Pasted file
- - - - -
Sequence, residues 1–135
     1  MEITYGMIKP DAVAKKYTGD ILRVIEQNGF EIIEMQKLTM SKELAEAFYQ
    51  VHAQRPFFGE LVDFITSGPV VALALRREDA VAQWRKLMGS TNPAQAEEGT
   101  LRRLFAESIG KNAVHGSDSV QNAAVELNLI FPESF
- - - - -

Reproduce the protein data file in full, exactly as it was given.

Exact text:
Sequence, residues 1–135
     1  MEITYGMIKP DAVAKKYTGD ILRVIEQNGF EIIEMQKLTM SKELAEAFYQ
    51  VHAQRPFFGE LVDFITSGPV VALALRREDA VAQWRKLMGS TNPAQAEEGT
   101  LRRLFAESIG KNAVHGSDSV QNAAVELNLI FPESF